Image: Mailbox (Corbis)
The Postal Service is boosting stamp prices again, and no amount of texting, instant messaging, online bill paying or e-mailing will spare you the results.

Starting Jan. 27, the price of a first-class stamp goes up by a penny to 46 cents, and the price to mail a postcard rises by the same amount to 33 cents. International letters will now cost $1.10 to send, up from 85 cents toCanada and Mexico and $1.05 to other destinations.

But even a public that has switched from the printed word to Skype, FaceTime and other technologies should be concerned about the 4% overall boost in mailing and shipping prices and 6.3% hike in priority mail fees. Why? One simple reason: Overhead.

If consumers still have Netlix (NFLX) discs delivered, despite that company's best efforts to shake DVD customers loose, or turn their homes into mazes of Amazon (AMZN) packages around the holiday season, the Postal Service's price increases could take a toll. Those hikes in shipping rates cut into companies' bottom lines. That cost inevitably gets passed on to the consumer, be it through increased shipping rates, increased fees or changes to shipping policy.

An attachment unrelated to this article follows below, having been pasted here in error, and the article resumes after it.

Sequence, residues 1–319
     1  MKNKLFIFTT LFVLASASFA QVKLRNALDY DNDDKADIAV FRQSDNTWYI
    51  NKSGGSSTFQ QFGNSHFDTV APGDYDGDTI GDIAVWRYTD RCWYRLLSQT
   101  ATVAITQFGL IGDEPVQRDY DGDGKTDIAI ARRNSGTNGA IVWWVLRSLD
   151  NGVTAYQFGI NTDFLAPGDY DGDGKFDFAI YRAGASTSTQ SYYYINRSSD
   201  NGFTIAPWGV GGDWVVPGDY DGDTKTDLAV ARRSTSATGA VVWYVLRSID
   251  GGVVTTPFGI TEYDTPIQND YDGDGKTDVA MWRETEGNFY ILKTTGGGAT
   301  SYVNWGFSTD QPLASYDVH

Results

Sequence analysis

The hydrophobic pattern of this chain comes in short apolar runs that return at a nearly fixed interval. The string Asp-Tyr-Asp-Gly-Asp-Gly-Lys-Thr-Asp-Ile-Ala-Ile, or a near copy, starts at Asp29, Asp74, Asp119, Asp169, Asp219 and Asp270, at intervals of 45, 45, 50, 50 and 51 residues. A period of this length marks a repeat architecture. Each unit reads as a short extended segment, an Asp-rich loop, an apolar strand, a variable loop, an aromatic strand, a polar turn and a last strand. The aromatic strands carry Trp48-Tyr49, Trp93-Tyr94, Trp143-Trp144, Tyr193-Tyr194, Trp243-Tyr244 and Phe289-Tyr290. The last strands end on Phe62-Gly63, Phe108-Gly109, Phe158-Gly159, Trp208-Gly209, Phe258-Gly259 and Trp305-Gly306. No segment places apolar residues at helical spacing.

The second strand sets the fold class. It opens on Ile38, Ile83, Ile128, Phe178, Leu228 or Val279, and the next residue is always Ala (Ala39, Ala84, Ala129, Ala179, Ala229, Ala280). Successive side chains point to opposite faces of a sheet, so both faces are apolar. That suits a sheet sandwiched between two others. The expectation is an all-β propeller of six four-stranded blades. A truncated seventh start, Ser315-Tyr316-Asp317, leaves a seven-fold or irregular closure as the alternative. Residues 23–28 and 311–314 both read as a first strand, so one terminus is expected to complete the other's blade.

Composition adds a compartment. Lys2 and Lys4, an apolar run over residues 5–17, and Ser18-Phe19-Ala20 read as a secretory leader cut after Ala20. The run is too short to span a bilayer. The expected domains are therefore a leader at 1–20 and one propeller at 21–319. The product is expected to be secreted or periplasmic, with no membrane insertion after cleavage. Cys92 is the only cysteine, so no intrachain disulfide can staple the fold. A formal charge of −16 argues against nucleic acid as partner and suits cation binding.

Netflix, already trying to reduce its dependence on the USPS by luring customers to its digital streaming service, still has more than 10 million DVD-by-mail customers. Amazon, meanwhile, has attempted to cut the Postal Service out of its price model by using third-party logistics firms like same-day shipping service LaserShip to complete orders. Online consumer reaction to that service has been decidedly mixed.

Now Wal-Mart (WMT) is getting into the mix with plans for its own Wal-Mart To Go same-day delivery service that relies largely on shipments from its existing retail facilities and could bypass the Postal Service altogether if the price isn't right. USPS could use the business after a 2006 law drained its resources by ordering the Postal Service to put money aside for future retiree benefits. It has since borrowed $12 billion from Congress just to stay afloat and started closing mail processing plants to cut costs.

Americans may have less coming in and out of their mailboxes than they did a decade or two ago, but what's there requires the Postal Service to make it work. Threats last year to increase delivery times for First Class mail to two to three days sent ripples through Netflix's share price, while calls to cut $20 billion from USPS operating costs by 2015 were heard by everyone from eBay (EBAY) sellers to Zappos-addicted clotheshorses.

With Congress vowing to forego any further Postal Service assistance until after Election Day, more cuts and price hikes could be coming to a mailbox near you... even if you haven't bought a stamp or licked an envelope since the last Bush Administration.